1. In two enumerations of error, Cooper Tire argues that the trial court erred in denying its motions for j.n.o.v., a new trial, and to amend judgment for three reasons: (1) Cooper Tire has no common law duty to safeguard Georgia Electric's employees; (2) the evidence does not support a claim under OCGA § 51-3-1 or § 51-2-5(4); and (3) it is immune from tort liability under the exclusive remedy provisions of the Workers' Compensation Act, OCGA § 34-9-1 et seq. We agree with Cooper Tire that the evidence does not support a claim under OCGA § 51-3-1 or § 51-2-5(4) and, therefore, reverse the trial court's judgment.

(a) Relying on Murphy v. Blue Bird Body Co.,5 Cooper Tire argues that Merritt's claim under OCGA § 51-3-1 fails because it does not involve a defective condition in the premises. In Murphy, the plaintiff, an employee of an independent contractor, was injured on the defendant's premises while using the defendant's forklift. The trial court granted summary judgment to the defendant, and the plaintiff appealed, arguing that the defendant breached its duty to plaintiff to keep the premises safe. We rejected this argument, reasoning that (1) there was no evidence that the premises were unsafe, and (2) the forklift "was not a part of the premises or a fixture thereto."6 In the case at bar, as in Murphy, the forklift was not a part of the premises. Moreover, premises liability cases cited by the dissent for the proposition that Cooper Tire owed Merritt a duty to inspect and maintain the forklift are inapposite. In Johnson v. Clark,7 for example, a concrete safety pole that should have been bolted to the ground fell on a painting contractor's employee, and issues of fact existed as to the property owner's knowledge of the dangerous condition. In Towles v. Cox,8 an employee of a dry cleaning store was injured when she opened the back door of the store and a jackhammer, which had been propped against the back wall by a plumber's employee, fell against her leg.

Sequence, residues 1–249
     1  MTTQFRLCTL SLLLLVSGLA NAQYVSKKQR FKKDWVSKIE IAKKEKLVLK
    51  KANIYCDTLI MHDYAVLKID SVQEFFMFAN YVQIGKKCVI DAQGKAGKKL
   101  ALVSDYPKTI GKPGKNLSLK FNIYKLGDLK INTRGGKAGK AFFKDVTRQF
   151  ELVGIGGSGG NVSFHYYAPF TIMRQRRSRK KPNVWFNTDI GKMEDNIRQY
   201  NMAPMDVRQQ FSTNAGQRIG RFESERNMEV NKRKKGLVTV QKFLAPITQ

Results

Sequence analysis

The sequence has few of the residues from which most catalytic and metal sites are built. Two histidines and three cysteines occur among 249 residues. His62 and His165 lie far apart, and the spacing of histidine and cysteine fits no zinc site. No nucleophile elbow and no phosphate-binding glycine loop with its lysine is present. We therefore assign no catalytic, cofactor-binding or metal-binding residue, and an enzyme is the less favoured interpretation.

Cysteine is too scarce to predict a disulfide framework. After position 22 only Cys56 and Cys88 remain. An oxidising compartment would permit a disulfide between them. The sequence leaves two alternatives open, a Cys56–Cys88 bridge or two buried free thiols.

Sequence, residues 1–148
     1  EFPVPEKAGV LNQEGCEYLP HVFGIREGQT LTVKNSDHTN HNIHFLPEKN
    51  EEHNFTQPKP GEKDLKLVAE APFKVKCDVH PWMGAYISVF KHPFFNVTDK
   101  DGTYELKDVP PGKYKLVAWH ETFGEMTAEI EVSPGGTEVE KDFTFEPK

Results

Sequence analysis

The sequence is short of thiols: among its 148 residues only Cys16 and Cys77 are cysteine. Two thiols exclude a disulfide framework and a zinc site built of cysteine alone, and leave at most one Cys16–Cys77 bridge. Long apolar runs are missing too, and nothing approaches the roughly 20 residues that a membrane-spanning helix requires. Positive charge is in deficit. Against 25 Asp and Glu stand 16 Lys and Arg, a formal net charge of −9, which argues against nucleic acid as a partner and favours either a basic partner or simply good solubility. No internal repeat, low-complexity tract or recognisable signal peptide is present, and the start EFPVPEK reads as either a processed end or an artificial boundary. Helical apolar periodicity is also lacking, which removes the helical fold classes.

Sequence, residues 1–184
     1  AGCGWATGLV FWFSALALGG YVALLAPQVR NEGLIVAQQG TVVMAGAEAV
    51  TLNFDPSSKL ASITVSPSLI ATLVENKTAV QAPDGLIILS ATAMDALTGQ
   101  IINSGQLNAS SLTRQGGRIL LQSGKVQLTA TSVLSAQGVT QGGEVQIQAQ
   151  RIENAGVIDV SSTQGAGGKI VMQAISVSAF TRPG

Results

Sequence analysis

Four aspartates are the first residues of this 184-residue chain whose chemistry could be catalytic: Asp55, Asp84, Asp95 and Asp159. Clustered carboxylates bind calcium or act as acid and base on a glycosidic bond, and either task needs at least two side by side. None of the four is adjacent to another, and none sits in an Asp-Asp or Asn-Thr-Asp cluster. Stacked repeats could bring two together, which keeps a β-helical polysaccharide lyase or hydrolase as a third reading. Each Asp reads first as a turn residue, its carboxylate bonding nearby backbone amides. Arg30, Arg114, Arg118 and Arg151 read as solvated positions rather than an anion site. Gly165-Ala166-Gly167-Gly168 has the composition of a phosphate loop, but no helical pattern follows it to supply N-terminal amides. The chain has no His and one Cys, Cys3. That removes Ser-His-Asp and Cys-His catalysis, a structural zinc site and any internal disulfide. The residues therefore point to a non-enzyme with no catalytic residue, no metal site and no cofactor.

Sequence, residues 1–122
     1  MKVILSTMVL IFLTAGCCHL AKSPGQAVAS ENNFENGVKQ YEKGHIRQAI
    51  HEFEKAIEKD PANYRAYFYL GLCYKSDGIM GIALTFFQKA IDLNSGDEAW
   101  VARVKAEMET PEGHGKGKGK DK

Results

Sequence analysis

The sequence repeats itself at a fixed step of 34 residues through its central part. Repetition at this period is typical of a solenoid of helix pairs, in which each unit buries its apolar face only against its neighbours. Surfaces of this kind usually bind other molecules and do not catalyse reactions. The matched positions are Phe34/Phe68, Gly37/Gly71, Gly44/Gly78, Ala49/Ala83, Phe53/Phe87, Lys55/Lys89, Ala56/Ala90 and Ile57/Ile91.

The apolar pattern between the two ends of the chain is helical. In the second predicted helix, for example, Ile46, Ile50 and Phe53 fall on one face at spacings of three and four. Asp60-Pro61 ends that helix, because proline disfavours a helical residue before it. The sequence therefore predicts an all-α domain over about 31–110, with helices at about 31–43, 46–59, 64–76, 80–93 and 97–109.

Salient facts distinguish Johnson and Towles from the case sub judice. First, the allegedly dangerous instrumentality, the forklift, was owned and operated by Merritt's employer, Georgia Electric, and not by Cooper Tire. Moreover, the evidence shows that it had a hidden defect. In Towles, the injury occurred because the jackhammer was placed in an unexpected location, not because it malfunctioned or was negligently maintained.